Today let's have some fun and recognise those who have made unique contributions to the world of money in 2020.
Rio not so grande
The standout contender for the Naughtiest Kid on the Block award is Rio Tinto - the world's biggest iron ore miner. Despite much publicised opposition from the Aboriginal traditional owners, Rio went ahead with the destruction of the Juukan Gorge rock shelters, which showed evidence of continuous human habitation dating back 46,000 years. They were among the oldest historic sites in Australia.
The three most senior executives lost over $6 million in bonuses but not their jobs. Rio's website proudly proclaims: "We work hard to leave a lasting, positive legacy everywhere we work". They sure got the "lasting legacy" bit right.
Invest now - win big
The Golden Lion Award for the Australian Share of the Year goes to Afterpay. Their shares were nudging $30 at the start of the year but at the date of writing had almost quadrupled to $114. I must confess I have never owned the shares - they have always seemed overpriced to me. Now the price seems to be driven by fear of missing out, but how would you know.
Asleep at the wheel
The Leonardo Da Vinci award for procrastination goes to the Australian federal government. In December 2016, Treasury released a discussion paper stating it was aware that retirees were living too frugally, as they did not know how long their money would last. The message was that Treasury wanted the industry to develop a suitable product to solve the problem. The May 2018 budget went a step further by introducing a retirement income covenant requiring trustees of super funds to offer Comprehensive Income Products for Retirement, which would provide lifetime income streams. Two years later, CIPRS are still in the government's too hard basket.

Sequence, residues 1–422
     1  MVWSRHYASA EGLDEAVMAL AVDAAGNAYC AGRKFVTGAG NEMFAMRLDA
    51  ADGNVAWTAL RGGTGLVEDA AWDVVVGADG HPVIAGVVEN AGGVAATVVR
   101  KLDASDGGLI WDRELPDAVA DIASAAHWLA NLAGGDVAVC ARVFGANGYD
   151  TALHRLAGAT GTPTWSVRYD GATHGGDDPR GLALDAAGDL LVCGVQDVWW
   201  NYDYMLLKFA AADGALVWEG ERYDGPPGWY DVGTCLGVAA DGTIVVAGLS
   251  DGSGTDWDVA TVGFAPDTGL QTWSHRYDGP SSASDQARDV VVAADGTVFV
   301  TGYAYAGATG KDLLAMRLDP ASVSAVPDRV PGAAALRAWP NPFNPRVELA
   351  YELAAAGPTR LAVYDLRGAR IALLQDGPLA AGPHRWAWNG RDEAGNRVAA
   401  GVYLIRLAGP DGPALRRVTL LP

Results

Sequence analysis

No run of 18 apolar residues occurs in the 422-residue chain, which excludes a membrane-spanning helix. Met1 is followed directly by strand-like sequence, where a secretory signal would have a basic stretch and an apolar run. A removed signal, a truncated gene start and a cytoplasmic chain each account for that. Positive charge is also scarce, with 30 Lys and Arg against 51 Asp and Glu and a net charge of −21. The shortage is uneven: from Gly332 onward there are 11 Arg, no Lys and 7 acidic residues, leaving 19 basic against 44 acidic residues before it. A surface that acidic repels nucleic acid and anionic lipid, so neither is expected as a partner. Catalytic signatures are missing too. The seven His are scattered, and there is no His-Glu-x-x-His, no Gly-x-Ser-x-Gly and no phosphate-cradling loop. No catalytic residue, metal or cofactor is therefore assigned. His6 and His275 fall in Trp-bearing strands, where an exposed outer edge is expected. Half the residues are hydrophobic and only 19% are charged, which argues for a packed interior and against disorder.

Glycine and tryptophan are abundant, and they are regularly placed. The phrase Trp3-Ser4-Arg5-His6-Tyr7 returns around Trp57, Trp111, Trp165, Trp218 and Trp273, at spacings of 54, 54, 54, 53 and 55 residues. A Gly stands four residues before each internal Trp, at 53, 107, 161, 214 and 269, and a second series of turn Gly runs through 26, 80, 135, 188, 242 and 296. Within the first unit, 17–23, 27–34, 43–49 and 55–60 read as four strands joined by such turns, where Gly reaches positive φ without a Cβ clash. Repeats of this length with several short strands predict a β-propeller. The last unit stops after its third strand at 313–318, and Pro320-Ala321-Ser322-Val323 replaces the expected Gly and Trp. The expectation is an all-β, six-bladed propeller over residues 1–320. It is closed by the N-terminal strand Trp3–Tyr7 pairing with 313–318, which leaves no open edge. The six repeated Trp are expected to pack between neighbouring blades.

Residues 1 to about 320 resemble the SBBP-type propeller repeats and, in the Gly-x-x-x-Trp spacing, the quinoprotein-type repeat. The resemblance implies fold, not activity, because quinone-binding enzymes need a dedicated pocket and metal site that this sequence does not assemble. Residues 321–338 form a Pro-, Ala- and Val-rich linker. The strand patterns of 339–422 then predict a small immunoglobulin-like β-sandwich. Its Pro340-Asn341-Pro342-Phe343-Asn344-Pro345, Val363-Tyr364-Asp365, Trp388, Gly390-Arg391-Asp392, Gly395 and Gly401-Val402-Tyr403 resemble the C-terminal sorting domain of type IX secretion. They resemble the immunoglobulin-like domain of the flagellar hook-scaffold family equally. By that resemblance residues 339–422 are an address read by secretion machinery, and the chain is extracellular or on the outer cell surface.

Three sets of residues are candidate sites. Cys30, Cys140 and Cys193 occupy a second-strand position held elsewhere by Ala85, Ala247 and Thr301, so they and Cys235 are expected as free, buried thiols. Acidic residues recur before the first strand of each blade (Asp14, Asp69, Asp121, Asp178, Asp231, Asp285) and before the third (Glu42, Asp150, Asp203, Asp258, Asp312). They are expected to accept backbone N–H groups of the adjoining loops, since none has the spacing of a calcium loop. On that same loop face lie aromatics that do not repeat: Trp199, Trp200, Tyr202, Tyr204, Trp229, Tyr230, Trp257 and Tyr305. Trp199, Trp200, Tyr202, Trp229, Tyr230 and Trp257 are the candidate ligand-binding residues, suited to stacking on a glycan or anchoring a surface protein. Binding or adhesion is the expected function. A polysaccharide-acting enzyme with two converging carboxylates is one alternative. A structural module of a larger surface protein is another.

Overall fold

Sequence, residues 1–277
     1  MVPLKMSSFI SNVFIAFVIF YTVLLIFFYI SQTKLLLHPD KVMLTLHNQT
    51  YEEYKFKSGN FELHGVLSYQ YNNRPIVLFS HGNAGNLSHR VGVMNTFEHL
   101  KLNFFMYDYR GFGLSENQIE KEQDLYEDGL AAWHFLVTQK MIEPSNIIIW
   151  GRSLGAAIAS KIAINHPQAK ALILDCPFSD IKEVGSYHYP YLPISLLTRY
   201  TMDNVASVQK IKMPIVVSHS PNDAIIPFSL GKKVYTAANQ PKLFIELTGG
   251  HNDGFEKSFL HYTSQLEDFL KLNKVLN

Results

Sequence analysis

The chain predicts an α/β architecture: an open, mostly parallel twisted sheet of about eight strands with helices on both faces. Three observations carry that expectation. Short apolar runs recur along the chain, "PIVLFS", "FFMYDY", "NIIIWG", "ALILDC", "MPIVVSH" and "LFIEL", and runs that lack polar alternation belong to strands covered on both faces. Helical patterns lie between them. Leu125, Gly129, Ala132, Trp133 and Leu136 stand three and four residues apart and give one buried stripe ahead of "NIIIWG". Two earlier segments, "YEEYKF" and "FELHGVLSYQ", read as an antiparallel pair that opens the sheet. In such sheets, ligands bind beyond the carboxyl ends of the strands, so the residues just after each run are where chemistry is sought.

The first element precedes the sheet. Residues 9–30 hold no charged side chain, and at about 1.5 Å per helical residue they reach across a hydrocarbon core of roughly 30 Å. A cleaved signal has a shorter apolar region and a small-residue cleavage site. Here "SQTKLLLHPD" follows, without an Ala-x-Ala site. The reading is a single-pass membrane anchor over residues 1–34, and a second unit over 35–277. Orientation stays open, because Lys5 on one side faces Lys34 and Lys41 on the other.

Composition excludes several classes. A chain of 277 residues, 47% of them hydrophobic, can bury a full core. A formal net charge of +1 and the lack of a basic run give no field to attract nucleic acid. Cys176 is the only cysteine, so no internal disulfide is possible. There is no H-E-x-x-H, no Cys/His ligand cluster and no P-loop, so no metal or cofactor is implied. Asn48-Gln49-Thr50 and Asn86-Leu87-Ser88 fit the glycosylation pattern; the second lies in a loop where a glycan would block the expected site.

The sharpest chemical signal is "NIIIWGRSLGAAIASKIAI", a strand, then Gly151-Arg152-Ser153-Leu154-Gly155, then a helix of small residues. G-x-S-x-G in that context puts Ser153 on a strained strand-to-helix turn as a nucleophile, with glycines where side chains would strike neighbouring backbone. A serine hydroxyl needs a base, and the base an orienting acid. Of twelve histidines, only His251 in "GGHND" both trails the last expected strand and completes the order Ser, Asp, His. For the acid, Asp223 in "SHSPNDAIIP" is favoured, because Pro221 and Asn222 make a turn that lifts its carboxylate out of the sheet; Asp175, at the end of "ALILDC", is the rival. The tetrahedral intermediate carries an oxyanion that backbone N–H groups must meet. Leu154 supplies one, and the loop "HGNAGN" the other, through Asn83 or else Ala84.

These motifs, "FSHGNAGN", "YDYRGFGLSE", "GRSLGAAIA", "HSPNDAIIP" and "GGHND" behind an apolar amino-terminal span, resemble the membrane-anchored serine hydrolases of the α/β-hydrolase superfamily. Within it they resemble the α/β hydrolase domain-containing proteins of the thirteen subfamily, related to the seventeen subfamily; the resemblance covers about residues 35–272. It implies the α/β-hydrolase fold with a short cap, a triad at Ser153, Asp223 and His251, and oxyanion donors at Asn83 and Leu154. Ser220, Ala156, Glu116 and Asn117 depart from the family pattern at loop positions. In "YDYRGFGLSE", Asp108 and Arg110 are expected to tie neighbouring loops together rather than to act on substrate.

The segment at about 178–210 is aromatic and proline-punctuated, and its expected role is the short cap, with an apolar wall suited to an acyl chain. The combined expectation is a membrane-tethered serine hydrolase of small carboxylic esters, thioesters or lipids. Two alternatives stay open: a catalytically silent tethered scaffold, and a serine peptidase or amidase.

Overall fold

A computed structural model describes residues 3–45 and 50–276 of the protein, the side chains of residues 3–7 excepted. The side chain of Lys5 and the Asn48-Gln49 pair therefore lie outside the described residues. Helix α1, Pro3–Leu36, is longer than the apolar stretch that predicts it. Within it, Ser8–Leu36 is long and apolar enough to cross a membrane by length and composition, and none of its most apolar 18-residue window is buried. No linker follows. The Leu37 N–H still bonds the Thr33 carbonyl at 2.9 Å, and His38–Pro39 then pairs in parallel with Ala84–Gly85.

Coming home to roost
Last year, I gave Mayfair Platinum the Nant Whiskey Award for the record number of full-page ads offering breathtaking returns. My suspicions had been raised by the advertisements themselves, then on December 6, online newsletter Crikey published an article by Adam Schwab, who reckons Platinum "raises more red flags than a North Korean military parade". I wrote at the time: "You pays your money and you takes your chances". It was prophetic - it all went belly-up on April 7, 2020, when ASIC launched Federal Court proceedings against Mayfair, alleging they were engaged in misleading or deceptive advertising.
Barking up the right tree
And, finally, for the fifth year running the Red Kelpie Award (for long-term, loyal and meritorious conduct) goes to ... the Australian Stock Market. The kelpie sure gave us an exciting ride. The index stood at 6946 on January 1, then plunged to 4854 on March 20 when COVID became the big news. However, the good dog quickened its stride and quickly got back on track. The index has been steadily rising ever since and, at date of writing, was 6947. Despite zero capital growth, the index did keep paying around 4 per cent per annum.